Prisons based on the panopticon
The National Penitentiary in Millbank, Westminster, London opened up in 1821, which later came to be known as Millbank Prison. It was the first prison constructed based on Bentham’s ideology. Millbank Prison was marked as a failure due to a lack of cooperation from the convicts. It became controversial owing to the idea that the facility failed to extract valuable labour out of its resident convicts.
A small prison constructed for women in Lancaster, England by Joseph Gandy, was similar to the Panopticon plans that were proposed by Bentham. The K wing in Lancaster Castle Prison also has strikingly similar features to that of the Panopticon.
The Pentonville Prison in London, England was constructed after Bentham’s death in 1832, and it laid the foundation for the construction of 54 other such prisons in Victorian Britain. Joshua Jebb had reiterated the plans, but also proposed a modification- inclusion of radial prison wings with a central tower for the guards. While Bentham’s concept was for constant surveillance, the new plans did not support the idea of constant surveillance.
Cuban President Gerardo Machado made it possible for the Presidio Modelo on Isla de Pinos in Cuba to be constructed which would implement Bentham’s theory right down to the details. Fidel Castro had also been convicted and sent to Presidio Modelo, whereupon his arrival there was a population of 6000 in a mere 4 floors. This contributed to unhealthy conditions and an overpopulated prison.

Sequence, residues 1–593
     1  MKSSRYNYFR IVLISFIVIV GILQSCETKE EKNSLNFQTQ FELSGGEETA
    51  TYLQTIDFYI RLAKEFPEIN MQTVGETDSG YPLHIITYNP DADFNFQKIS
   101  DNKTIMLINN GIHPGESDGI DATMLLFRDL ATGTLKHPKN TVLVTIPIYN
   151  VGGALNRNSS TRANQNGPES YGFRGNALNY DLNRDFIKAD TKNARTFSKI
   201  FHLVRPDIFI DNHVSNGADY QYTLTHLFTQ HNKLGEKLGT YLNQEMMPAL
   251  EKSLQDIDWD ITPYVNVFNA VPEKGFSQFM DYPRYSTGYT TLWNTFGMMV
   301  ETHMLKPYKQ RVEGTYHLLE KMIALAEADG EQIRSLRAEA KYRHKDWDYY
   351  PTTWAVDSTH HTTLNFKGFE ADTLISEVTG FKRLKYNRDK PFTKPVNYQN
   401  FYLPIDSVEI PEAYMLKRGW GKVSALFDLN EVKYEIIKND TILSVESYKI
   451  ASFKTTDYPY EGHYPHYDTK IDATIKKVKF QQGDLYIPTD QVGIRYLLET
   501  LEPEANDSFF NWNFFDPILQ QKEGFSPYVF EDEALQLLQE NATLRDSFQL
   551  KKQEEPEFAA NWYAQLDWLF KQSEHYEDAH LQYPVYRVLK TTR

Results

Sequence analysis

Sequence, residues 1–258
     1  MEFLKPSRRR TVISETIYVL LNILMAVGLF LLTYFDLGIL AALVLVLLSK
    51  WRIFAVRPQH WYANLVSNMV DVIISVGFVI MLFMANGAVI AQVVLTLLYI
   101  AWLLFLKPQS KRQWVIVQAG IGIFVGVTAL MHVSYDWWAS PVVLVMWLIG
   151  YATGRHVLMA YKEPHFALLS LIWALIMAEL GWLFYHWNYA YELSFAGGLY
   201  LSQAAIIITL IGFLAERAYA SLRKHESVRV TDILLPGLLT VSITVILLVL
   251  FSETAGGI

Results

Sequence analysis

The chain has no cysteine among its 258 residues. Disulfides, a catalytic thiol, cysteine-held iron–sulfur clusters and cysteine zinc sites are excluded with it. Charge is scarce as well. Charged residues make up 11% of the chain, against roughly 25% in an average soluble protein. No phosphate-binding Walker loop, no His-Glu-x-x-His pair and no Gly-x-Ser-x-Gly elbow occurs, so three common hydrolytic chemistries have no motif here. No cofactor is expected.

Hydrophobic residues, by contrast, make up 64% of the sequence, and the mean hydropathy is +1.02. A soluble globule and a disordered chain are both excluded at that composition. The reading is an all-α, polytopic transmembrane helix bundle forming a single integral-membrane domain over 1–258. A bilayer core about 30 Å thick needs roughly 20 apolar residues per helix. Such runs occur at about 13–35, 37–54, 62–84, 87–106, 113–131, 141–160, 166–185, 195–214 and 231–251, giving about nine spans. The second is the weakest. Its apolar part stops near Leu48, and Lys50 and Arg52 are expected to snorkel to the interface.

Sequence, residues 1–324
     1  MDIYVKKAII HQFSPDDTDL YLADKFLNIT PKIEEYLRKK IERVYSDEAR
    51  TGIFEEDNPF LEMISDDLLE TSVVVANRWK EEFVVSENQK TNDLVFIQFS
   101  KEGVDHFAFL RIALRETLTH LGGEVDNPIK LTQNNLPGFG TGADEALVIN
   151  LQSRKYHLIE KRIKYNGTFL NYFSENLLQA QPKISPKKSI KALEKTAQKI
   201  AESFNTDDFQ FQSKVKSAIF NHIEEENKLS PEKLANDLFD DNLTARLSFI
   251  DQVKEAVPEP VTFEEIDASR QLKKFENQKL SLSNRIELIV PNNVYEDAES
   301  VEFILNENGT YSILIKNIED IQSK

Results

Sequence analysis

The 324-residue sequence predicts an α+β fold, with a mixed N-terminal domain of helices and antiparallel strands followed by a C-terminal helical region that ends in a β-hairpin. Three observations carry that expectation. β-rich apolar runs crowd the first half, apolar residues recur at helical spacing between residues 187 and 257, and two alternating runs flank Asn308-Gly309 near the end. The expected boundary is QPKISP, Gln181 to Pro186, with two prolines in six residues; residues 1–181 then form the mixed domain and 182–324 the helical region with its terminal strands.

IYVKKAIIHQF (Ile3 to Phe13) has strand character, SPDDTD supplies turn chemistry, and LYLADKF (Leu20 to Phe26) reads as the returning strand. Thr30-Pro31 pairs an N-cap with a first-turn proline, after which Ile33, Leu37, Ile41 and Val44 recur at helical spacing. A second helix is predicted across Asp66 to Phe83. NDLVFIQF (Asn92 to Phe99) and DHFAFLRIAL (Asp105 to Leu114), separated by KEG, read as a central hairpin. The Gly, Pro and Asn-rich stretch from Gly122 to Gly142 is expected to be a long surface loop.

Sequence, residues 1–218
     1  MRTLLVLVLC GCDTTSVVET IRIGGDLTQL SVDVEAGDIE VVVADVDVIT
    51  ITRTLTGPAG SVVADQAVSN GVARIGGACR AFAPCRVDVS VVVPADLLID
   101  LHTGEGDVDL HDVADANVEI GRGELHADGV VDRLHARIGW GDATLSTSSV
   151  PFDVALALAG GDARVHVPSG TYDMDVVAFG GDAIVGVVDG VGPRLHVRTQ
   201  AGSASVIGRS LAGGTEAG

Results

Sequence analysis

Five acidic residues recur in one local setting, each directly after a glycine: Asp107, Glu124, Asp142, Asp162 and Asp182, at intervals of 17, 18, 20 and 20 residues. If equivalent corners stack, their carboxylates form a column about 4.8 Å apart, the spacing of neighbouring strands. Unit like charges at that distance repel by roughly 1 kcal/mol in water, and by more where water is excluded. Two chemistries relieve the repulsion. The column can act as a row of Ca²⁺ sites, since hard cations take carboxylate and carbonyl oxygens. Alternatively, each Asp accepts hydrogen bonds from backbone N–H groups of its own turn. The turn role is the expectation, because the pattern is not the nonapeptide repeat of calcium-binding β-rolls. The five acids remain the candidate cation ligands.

Haarlem, Breda and Arnhem penitentiaries in the Netherlands were historical Panopticon prisons. They had strikingly similar features to Bentham’s design, but failed in the aspect that the guards could not completely observe the convicts at all times. There were parts of the cells that could not be seen from certain angles by the guards. In 2006, a new era emerged with the construction of digitally enabled Panopticon prison- Lelystad Prison. Each of the 150 convicts were electronically tagged and a mere 6 guards were required for surveillance rather than the usual 15.
Philosophy of panopticon: modern surveillance and digital panopticon
A French philosopher named Michael Foucault spoke about the Panopticon in his work “Discipline and Punish”. He emphasized the idea of the Panopticon be recognized as a system of power and a tool for political propaganda. Sociologist David Lyon also quoted